One murder, 2 'accidents' and deep mystery: What we know of Jaya's Kodanadu estate crime so far

Ragamalika Karthikeyan
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One murder, 2 'accidents' and deep mystery: What we know of Jaya's Kodanadu estate crime so far

The case gets murkier by the hour.

At around 1.30am on April 24, the guards at late Tamil Nadu Chief Minister Jayalalithaa’s Kodanadu tea estate were in for a shock. Om Bahadur, who was guarding Gate No. 9 of the estate, encountered men who were trying to burgle the bungalow. Om Bahadur was killed by the strangers.

Another guard, Krishna Bahadur, also met the burglars - and survived to tell the tale. Not very far from where his colleague was killed, Krishna Bahadur was tied up and assaulted by the men who wanted to rob the building.

And then, the murderers escaped, reportedly in an SUV.

The initial investigation

The next morning, when the police found them, it came to light that the burglars targeted some specific rooms in the estate that Jayalalithaa had used as her summer retreat when she was alive. The rooms were the ones used by the late Chief Minister, and her aide Sasikala.

The police told media persons then that some ‘valuables’ had been stolen - while some believed that the thieves made away with jewellery, others suspected that it was much more sinister: Among the things stolen, some believe, are some crucial documents.

The suspects

The police meanwhile zeroed in on some suspects. They had little information to go on.

According to reports, CCTV footage revealed the number plate of the SUV in which the suspects reportedly escaped. But soon, they found that the number plate was fake. According to The Hindu, the fake number plate and gloves used by the gang were found dumped in the outskirts of Kotagiri town on Tuesday.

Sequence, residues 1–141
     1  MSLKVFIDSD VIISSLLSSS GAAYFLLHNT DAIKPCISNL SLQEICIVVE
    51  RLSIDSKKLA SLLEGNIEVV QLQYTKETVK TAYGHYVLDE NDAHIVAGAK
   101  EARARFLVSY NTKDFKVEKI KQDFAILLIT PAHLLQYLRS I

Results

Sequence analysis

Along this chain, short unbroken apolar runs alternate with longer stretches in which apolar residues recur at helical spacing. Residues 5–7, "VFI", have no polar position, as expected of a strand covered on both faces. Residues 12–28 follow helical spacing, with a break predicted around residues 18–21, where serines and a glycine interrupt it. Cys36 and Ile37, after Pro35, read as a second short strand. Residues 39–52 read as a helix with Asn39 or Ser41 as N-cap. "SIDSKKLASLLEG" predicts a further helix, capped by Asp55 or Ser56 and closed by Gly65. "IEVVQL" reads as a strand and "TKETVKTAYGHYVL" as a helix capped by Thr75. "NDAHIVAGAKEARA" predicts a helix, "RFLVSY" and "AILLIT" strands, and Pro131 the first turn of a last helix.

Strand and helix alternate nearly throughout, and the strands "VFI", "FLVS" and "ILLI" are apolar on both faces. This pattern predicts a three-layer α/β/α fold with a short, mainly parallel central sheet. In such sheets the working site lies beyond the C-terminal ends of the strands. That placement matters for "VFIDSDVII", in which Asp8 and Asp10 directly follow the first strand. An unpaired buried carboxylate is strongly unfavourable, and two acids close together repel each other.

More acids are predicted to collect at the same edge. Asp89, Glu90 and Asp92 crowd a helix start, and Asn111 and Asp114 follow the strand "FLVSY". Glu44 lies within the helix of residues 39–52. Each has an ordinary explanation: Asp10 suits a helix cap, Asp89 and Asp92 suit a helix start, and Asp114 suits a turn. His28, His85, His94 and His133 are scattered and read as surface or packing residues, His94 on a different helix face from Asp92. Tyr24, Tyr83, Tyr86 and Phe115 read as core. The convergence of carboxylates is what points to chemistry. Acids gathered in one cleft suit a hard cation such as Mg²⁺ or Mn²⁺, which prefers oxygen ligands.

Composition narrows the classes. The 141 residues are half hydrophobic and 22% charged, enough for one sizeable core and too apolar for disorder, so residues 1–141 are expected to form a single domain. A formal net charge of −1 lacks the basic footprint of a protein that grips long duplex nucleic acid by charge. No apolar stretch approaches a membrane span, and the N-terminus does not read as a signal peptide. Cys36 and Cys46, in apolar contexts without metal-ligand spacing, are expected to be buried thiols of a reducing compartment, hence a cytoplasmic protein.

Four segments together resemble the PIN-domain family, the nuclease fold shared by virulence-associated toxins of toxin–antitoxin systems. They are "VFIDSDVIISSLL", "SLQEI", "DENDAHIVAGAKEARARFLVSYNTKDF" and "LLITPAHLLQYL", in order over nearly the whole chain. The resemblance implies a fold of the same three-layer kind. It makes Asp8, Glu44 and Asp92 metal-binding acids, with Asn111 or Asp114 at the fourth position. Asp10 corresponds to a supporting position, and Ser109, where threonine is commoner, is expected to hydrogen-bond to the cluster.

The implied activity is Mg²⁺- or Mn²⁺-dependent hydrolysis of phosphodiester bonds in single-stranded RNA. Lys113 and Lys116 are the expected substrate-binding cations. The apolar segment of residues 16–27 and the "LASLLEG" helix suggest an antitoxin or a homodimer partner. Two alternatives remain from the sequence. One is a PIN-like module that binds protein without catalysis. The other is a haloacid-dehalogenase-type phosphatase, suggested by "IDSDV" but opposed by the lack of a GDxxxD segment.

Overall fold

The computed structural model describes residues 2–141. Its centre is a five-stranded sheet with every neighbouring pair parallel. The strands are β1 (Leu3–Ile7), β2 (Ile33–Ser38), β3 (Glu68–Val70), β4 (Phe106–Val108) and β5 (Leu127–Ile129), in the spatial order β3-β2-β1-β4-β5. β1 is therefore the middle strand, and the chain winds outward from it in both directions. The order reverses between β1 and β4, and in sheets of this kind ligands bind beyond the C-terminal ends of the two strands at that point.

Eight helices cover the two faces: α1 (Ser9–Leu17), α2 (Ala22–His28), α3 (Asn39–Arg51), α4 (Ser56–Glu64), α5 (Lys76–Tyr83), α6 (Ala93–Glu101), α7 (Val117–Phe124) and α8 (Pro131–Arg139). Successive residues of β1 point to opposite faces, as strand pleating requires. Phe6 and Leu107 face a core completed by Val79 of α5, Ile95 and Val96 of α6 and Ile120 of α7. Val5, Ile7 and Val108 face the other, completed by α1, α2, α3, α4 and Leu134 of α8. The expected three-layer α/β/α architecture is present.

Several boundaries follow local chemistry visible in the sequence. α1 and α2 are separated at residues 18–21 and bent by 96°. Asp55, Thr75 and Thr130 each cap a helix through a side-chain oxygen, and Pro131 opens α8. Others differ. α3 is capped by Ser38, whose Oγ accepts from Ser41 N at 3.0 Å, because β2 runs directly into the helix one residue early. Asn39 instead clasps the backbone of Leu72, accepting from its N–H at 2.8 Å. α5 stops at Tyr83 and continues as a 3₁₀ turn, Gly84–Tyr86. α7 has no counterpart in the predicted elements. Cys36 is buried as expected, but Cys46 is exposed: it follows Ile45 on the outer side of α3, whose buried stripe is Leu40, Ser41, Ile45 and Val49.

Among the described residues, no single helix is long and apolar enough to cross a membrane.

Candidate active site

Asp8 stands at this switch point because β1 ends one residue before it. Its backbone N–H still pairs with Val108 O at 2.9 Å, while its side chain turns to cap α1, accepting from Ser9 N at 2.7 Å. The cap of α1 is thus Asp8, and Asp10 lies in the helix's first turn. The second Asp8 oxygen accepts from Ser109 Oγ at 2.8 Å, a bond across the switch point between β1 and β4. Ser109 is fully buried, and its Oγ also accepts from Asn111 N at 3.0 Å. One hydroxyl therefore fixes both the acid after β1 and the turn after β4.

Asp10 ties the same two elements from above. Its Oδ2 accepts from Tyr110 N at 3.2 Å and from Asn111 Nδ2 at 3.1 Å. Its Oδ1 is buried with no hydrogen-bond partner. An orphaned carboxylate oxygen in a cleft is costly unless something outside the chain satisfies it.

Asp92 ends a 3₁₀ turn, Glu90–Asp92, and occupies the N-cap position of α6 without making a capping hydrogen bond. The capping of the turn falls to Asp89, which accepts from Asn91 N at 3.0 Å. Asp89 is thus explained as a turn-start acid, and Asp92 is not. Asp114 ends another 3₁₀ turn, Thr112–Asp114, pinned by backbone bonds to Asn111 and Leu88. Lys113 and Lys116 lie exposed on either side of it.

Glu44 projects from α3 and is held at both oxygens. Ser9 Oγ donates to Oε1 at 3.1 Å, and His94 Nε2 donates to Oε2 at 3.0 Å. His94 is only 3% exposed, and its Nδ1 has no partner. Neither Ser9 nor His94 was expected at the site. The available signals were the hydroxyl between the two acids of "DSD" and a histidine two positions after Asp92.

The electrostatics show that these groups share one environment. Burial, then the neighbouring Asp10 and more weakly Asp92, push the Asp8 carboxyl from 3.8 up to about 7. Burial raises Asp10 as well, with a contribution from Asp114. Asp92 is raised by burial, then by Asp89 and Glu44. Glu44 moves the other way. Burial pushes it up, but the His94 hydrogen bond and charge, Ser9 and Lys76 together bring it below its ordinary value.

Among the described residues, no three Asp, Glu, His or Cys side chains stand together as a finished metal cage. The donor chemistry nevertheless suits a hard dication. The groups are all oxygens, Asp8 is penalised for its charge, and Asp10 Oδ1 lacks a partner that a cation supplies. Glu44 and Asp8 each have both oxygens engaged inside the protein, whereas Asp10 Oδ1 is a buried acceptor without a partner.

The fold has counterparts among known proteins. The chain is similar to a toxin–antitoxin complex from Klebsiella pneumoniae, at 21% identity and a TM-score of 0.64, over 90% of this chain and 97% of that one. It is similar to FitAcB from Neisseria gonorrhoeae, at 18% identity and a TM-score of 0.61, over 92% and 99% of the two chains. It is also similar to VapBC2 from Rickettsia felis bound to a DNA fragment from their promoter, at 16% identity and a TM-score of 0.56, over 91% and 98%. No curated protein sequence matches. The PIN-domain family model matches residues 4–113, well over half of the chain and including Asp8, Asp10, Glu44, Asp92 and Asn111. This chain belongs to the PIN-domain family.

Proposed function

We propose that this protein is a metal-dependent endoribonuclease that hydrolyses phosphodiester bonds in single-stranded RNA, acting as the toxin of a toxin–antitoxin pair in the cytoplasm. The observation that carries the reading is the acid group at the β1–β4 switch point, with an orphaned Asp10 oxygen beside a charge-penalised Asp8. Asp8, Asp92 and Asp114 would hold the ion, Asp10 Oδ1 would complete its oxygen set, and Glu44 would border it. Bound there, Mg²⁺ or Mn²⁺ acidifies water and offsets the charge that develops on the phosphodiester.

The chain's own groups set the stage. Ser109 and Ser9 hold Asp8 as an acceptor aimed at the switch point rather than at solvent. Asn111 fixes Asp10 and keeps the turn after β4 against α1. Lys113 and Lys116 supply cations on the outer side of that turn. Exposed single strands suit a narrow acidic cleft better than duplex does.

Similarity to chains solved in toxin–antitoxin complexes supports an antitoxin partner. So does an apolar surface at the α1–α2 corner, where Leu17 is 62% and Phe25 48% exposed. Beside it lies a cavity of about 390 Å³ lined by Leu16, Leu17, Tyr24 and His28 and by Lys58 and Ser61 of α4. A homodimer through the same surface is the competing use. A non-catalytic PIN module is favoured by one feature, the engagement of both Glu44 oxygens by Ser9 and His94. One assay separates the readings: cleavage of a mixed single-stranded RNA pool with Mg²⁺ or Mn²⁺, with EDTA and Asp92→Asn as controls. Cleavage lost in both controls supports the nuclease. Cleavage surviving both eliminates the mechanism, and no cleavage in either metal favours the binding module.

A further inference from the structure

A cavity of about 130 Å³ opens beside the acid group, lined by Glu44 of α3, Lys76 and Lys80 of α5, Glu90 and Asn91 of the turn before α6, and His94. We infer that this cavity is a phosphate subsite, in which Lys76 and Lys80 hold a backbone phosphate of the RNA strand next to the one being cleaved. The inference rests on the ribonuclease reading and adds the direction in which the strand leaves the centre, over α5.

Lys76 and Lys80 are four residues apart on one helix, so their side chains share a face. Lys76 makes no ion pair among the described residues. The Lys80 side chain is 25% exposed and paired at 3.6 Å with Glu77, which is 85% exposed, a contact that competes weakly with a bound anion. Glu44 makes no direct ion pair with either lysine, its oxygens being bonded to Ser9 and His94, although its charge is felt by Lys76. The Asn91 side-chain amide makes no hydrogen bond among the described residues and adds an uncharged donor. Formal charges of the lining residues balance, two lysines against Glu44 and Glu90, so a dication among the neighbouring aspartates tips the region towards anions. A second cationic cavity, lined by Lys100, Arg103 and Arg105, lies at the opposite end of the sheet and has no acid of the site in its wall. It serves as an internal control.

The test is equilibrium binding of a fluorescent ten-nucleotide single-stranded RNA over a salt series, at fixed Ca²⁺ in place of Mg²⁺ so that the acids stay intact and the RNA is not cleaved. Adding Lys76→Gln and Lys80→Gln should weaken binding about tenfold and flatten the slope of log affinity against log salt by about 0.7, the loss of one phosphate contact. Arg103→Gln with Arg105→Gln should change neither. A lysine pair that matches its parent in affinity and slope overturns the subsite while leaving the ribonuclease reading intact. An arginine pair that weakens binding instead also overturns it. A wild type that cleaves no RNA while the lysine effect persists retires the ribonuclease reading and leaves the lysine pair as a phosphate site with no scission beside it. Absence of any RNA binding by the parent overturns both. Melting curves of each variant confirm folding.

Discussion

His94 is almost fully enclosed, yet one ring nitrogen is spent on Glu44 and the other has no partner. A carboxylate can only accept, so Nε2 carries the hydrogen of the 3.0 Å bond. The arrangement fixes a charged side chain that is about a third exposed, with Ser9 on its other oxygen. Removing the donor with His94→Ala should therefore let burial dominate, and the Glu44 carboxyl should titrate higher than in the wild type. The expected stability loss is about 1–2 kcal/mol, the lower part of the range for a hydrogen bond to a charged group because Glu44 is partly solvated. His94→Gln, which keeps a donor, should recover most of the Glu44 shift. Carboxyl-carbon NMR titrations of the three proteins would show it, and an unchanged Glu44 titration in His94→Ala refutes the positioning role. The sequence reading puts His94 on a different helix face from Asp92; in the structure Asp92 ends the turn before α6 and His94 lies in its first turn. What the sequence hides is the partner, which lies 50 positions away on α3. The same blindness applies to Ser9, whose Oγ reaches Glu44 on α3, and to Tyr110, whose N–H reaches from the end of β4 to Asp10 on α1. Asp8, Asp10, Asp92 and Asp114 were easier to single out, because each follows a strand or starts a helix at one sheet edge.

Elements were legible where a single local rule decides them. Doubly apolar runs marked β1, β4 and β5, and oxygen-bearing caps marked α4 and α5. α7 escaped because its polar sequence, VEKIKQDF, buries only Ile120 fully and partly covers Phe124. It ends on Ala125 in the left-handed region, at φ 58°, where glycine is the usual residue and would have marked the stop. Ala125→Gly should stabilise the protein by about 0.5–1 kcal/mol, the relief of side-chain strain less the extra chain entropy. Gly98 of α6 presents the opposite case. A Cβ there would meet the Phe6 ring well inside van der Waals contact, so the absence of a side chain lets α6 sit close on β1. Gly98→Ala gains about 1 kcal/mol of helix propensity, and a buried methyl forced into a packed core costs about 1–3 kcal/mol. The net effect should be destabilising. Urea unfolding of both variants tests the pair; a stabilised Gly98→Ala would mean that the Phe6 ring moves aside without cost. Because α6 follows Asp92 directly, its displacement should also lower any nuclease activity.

ToI meanwhile reported that two SUVs were used in the crime. And according to a police office they quoted, an SUV with the AIADMK flag was blocking the traffic on the afternoon of April 23, and the people in the car got into an altercation with a police constable. This SUV was traced to Chennai, and the police was planning to detain the five people in the car in connection with the murder.

There are multiple reports on what happened next. While one team of the Nilgiris police went down to Chennai to track some suspects, another team landed up in Kerala’s Thrissur.

On April 27, four days after 51-year-old Om Bahadur was murdered, the investigators made the first arrest in the case - a man from Kerala who was allegedly part of the 10-member gang that murdered the security guard.

They then said that Sayan alias Shyam, a man from Kerala, was believed to be leading the gang.

By the next day, the police had nabbed seven other people allegedly part of the gang - three from Thrissur and four from Malappuram. Among those detained are Satheeshan, Deepu and Santhosh.

And the interrogation of these men led the police to one more suspect: Kanagaraj, a former driver of Jayalalithaa.

The driver and the plot